In-brief: A prominent expert in medical device security has warned the FDA that its draft guidance for post market medical devices is too focused on stomping out known threats, and not enough on addressing current and future risks to the security of healthcare environments.
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A National Institute of Standards and Technology (NIST) reference document is providing some of the clearest guidance from the U.S. government for securing connected medical devices, but may be setting too low a bar for securing wireless communications, according to a security expert. NIST, working with the University of Minnesota’s Technological Leadership Institute, released a draft Use Case document (PDF) on December 18 to help health care providers “secure their medical devices on an enterprise networks.” However, in the area of communications security, the document suggests the use of WEP (Wired Equivalent Privacy), a legacy wireless security technology that can easily be cracked. NIST released the draft security use case document and is seeking feedback from the public. The drug infusion pump case study is described as the “first of a series” of similar use cases that will focus on medical device security, NIST wrote. The draft document presents a technical description of the security challenges […]
The U.S. Food and Drug Administration (FDA) issued final guidance on Wednesday that are designed to strengthen the safety of medical devices. The FDA called on medical device manufacturers to consider cyber security risks as part of the design and development of devices. The document, “Content of Premarket Submissions for Management of Cybersecurity in Medical Devices,” asks device makers to submit documentation to the FDA about any “risks identified and controls in place to mitigate those risks” in medical devices. The guidance also recommends that manufacturers submit documentation of plans for patching and updating the operating systems and medical software that devices run. The document, which will be released on Thursday, does not contain specific requirements. Rather, it describes the kinds of things that medical device manufacturers should consider when preparing pre-market submissions for medical devices in areas such as information confidentiality, integrity, and availability, the FDA said. The release of the document follows the […]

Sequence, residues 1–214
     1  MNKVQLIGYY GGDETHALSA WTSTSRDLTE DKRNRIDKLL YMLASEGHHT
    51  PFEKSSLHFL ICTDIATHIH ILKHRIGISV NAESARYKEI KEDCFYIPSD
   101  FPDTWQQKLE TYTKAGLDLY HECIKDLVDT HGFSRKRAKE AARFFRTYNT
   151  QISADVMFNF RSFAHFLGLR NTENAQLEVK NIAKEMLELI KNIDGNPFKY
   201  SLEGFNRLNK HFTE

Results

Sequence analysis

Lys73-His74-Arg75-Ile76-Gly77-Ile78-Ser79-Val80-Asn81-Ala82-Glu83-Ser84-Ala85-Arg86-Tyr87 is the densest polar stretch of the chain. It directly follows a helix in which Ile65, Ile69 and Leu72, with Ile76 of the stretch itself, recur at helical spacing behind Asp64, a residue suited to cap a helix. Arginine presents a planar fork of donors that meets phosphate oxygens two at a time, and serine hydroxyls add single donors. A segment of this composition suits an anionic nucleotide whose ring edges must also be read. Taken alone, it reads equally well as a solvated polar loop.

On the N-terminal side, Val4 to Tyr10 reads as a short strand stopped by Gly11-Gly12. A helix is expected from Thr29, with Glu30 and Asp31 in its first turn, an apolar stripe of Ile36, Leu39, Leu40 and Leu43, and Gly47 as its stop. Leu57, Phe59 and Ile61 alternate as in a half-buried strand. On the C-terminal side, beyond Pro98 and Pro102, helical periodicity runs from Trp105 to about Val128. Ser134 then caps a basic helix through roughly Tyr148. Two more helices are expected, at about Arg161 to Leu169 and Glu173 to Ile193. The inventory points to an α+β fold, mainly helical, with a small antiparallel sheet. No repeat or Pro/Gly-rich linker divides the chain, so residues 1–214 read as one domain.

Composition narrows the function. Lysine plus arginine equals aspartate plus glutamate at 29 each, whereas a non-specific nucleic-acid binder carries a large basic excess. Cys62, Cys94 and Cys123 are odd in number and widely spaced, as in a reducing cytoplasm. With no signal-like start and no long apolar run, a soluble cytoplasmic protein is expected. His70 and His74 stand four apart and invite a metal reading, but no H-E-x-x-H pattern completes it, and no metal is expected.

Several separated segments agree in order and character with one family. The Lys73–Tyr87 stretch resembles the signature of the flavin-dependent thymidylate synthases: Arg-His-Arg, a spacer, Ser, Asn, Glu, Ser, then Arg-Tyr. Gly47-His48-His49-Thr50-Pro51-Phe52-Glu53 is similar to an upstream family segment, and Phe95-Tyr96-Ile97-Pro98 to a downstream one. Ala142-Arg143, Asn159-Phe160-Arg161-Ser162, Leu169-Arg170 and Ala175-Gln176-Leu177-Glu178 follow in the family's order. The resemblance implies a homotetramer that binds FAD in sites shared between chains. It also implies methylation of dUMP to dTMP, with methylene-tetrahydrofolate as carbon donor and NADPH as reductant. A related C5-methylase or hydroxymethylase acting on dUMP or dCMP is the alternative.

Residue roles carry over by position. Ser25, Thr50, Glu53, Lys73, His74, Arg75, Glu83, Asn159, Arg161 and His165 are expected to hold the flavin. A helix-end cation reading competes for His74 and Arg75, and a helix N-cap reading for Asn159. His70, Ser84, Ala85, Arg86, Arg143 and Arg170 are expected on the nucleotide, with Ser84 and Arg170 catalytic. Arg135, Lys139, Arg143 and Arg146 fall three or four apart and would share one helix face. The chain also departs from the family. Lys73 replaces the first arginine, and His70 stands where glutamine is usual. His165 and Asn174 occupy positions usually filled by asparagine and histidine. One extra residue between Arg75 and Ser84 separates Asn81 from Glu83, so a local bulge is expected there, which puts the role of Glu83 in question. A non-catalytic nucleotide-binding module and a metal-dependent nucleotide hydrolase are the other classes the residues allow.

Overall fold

In an important move, the U.S. Food And Drug Administration (FDA) has released final guidance to mobile application developers that are creating medical applications to run on devices like the iPhone and Android mobile devices. Some applications, it said, will be treated with the same scrutiny as traditional medical devices.* The statement is the final word from the FDA on the approach it will take when enforcing federal regulations regarding the safety of medical devices to the large and fast-growing category of medical applications. The agency said on Monday that, while it doesn’t see the need to vet “the majority of mobile apps,” because they pose “minimal risk to consumers,” it will exercise oversight of mobile medical applications that are accessories to regulated medical devices, or that transform a mobile device into a regulated medical device. In those cases, the FDA said that mobile applications will be assessed “using the same […]
In-brief: The U.S. Food and Drug Administration (FDA) on Friday issued new guidelines, calling on medical device makers to do a better job addressing cyber security vulnerabilities and exploits as part of their management of deployed medical devices.